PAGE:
BVI News

‘It feels surreal’ -Teacher wins for District 3

Winner of the 2017 Gen-Y Factor Singing Competition Shauna-Kay Miller performing ‘Glory’. Photo Credit: Andre Dawson/BVI News Online

By Horace Mills, BVI News Online Staff

Shauna-Kay Miller is a guru in the culinary arts and home economics, having taught in that field both here in the British Virgin Islands and in Jamaica where she also co-owns the Sweet Concepts bakery.

Miller, who has a son, now teaches Home Economics at the Seventh Day Adventist School in Sea Cows Bay – the same school attended by Durnel Sanderson, who won the Gen-Y Factor Singing Competition last year.

Miller, already tested and proven in the kitchen and the classroom, recently made a big decision that has brought her success in another arena – music.

She entered the Government-run Gen-Y Factor Singing Competition, representing the District Three where she has been residing in recent times.

Miller, who said her parents and brothers are also excellent singers, had no clue she would have emerged the winner – beating 11 other finalists.

“It feels good; it feels very surreal; it feels awesome,” she said while she tried to digest the victory announced moments earlier.

“I have entered other competitions, but this is the first time I am this successful.”

Miller, who discovered her singing talent at two years old, thinks her “powerful voice and strong bravado” gave her the edge over the other contestants, including District Six singers Jamori Blaize and Janae Estridge – the two runners-up.

Miller’s winning song was ‘Glory’ – a popular Hip Hop/Soul hit by American singer John Legend.

“I couldn’t make up my mind [which song to perform in the competition]. But this song was chosen two to three weeks ago. I went to ‘American Idol’ on Youtube, scrolled through a lot of songs and past singers, and I found this song, and I am like ‘OK this one looks like it can work’. It did,” said the 2017 Gen-Y Factor winner.

She further stated that she was impressed with the other finalists in the competition. “I sat at the back of the stage listening to all the other finalists. They were very good, and I was like ‘I don’t have this one; I really don’t’. I am still shocked.”

“But it was friendly rivalry. The contestants have been a nice, beautiful bunch. I know they are going places; they all did exceptionally well; they all can sing,” Miller said.

The other finalists not yet mentioned are Kathlyn Archibald-Drew from District One, Jade Hodge from District Two, Essynce Evans from District Four, Lebritnie Legair and Abigail Christopher from District Five, Lorenzo Thomas from District Seven, Zabdiel France from District Eight, as well as Kadijah Roberts and Jaani Ricketts from District Nine.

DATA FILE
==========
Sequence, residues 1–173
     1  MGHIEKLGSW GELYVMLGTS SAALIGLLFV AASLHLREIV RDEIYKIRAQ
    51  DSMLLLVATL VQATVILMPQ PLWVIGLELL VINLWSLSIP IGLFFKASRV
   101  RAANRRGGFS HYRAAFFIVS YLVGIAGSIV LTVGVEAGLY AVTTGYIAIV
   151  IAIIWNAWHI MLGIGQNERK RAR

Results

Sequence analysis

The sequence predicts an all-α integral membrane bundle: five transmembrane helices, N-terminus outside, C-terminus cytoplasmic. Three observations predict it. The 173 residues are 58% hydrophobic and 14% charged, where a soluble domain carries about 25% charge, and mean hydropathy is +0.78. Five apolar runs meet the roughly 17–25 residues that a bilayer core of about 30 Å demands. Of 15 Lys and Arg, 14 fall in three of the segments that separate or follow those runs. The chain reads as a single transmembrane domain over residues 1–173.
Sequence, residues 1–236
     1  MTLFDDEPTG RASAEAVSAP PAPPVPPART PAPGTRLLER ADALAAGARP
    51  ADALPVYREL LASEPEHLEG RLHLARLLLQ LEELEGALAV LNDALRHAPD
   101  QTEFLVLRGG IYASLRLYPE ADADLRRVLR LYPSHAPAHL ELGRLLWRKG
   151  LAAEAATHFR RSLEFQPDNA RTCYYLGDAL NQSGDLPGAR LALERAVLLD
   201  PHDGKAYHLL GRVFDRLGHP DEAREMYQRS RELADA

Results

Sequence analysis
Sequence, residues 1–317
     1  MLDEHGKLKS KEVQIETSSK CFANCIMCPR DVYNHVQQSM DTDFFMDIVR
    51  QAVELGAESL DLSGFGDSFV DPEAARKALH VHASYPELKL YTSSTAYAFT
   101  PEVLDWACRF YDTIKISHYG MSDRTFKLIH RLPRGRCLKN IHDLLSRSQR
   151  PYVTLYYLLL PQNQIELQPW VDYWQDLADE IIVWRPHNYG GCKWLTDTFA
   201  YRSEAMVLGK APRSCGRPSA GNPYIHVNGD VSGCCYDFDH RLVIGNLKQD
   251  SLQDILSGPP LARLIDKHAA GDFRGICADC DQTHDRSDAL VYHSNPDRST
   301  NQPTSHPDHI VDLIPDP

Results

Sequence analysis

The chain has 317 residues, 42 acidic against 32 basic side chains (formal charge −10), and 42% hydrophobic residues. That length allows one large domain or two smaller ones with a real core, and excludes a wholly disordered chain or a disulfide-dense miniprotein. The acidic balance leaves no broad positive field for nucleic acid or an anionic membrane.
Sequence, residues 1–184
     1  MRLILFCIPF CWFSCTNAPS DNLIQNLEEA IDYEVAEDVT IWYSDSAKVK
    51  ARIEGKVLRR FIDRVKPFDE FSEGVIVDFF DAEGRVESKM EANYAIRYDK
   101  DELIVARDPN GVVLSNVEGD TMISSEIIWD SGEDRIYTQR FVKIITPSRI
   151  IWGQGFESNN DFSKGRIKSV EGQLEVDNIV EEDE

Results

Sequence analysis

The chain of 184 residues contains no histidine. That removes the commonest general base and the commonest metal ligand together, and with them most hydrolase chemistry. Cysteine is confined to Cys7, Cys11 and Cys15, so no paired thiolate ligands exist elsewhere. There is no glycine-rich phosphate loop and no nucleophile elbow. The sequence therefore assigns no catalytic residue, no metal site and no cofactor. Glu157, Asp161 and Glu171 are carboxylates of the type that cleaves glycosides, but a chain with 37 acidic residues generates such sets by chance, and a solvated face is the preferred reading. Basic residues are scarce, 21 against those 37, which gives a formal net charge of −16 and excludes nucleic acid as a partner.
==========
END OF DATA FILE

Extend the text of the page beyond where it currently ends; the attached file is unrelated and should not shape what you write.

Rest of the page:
Miller, the winner, expressed gratitude for the tremendous support received from persons in and out of District Three. “Persons from my district were very supportive; they were cheering me on – even those outside of the district were cheering me on. My district representative Mr Julian Fraser and his wife were supportive of me throughout the process.”

She encouraged other young people to enter the contest next year. “Take the chance; take the risk; bring something different to the competition, as that is what the judges are looking for. While everybody can’t become the one winner that is chosen, all of us are winners. We also learn very much from this experience,” Miller reasoned.

Being the champion, she will receive monetary awards, an original song written and produced by Grammy-nominated producer Andrew ‘Drusky’ Scott, free legal consultancy services from entertainment attorney Natasha Cobham for the duration of the contract, a free recording session with HomeGrown Studio, as well as ambassadorial duties for telecommunication provider and event sponsor Digicel.

Meanwhile, Brenda Lettsome-Tye, acting director at the Department of Youth Affairs and Sports, said the Gen-Y Factor Singing Competition is a “huge undertaking” that – according to her – took about nine months to be planned and executed.

“The production itself is quite detailed; we work closely with the contestants; we offered them coaching and workshops; it’s never-ending; it’s actually quite huge and very detailed. But, at the end of the day, it’s worth it,” Lettsome-Tye told BVI News Online.

A similar sentiment was expressed by Kareem-Nelson Hull, who assisted with the competition and was also emcee during the finals last evening (June 17) at the Sir Rupert Briercliffe Hall. “It was awesome. I am relieved that it’s finished. Now, I feel ready for the next one. We did a wonderful job,” he said.

A relatively large number of people showed up for the event – many decked out in colours associated with the district for which they were rooting vociferously. Some of the stand-outs who attended were Premier Dr D Orlando Smith, minister responsible for youth affairs Myron Walwyn, and Leader of the Opposition Andrew Fahie.

Below are some of the moments captured by ANDRE ‘SHADOW’ DAWSON, BVI News Online’s freelance photographer.

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